Example: U.S. dollar (USD) compared to the rupiah currency (IDR). Say for example, 1 USD value (exchange rate), equivalent to 9500 IDR. Because we are comparing USD with IDR, then we’re talking about the currency pair USD to IDR. Writing method is: USD / IDR. This is called as the “currency pair”.
The written first currency (left-side) called the “base currency”, while the second currency (right-side) called the “counter currency”. We’re recently discussing about the USD / IDR, USD’s play the role as base currency, while IDR as the counter currency.
Some currency pairs will we traded are:
- GBP / USD: Great British Pound against the USD
- EUR / USD: Euro against the USD
- AUD / USD: Australian Dollar (Aussie) against the USD
- USD / JPY: USD against Japanese Yen (JPY)
- USD / CHF: USD against Swiss Franc
- USD / CAD: CAD for Canadian Dollar
- NZD / USD: New Zealand Dollar against U.S. Dollar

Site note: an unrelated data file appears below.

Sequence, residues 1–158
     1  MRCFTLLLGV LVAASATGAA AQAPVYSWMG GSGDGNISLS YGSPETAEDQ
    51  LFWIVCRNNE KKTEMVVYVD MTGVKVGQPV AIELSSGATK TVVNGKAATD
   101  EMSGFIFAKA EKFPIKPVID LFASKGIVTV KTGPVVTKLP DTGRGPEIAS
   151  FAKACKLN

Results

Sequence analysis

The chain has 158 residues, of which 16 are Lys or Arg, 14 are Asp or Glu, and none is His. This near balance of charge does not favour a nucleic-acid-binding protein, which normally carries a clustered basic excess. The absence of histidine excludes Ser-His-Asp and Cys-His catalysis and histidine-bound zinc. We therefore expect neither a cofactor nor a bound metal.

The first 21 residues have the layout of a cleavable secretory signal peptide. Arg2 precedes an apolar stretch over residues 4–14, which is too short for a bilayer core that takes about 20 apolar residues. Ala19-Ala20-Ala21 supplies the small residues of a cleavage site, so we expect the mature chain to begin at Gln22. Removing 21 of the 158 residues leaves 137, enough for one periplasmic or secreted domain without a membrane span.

- EUR / GBP: Euro to Pound Sterling
- EUR / CHF: Euro against the Swiss Franc
- EUR / JPY: Euro to Yen
- AUD / JPY: Aussie against Yen
- GBP / CHF: Sterling to Swiss Franc
- GBP / JPY: Sterling to Yen
GBP / USD, EUR / USD, AUD / USD, USD / JPY, USD / CHF, USD / CAD, and USD / NZD is often called as “major currency pairs” or “Majors”. While the currency pairs that are not traded against the USD is called “cross currency pairs” or “cross rates”.
Later, we will observe the movement of “currency pairs” through the chart. The rising and falling of chart be guided build upon on the base currency. If the graph rises, it means the base currency to strengthened against its currency counters, and vice versa.
Look above there’s an example of the movement of AUD / USD. At the moment the graph rises, it mean the AUD was strengthen against the USD, in other words the USD was weakening against the AUD.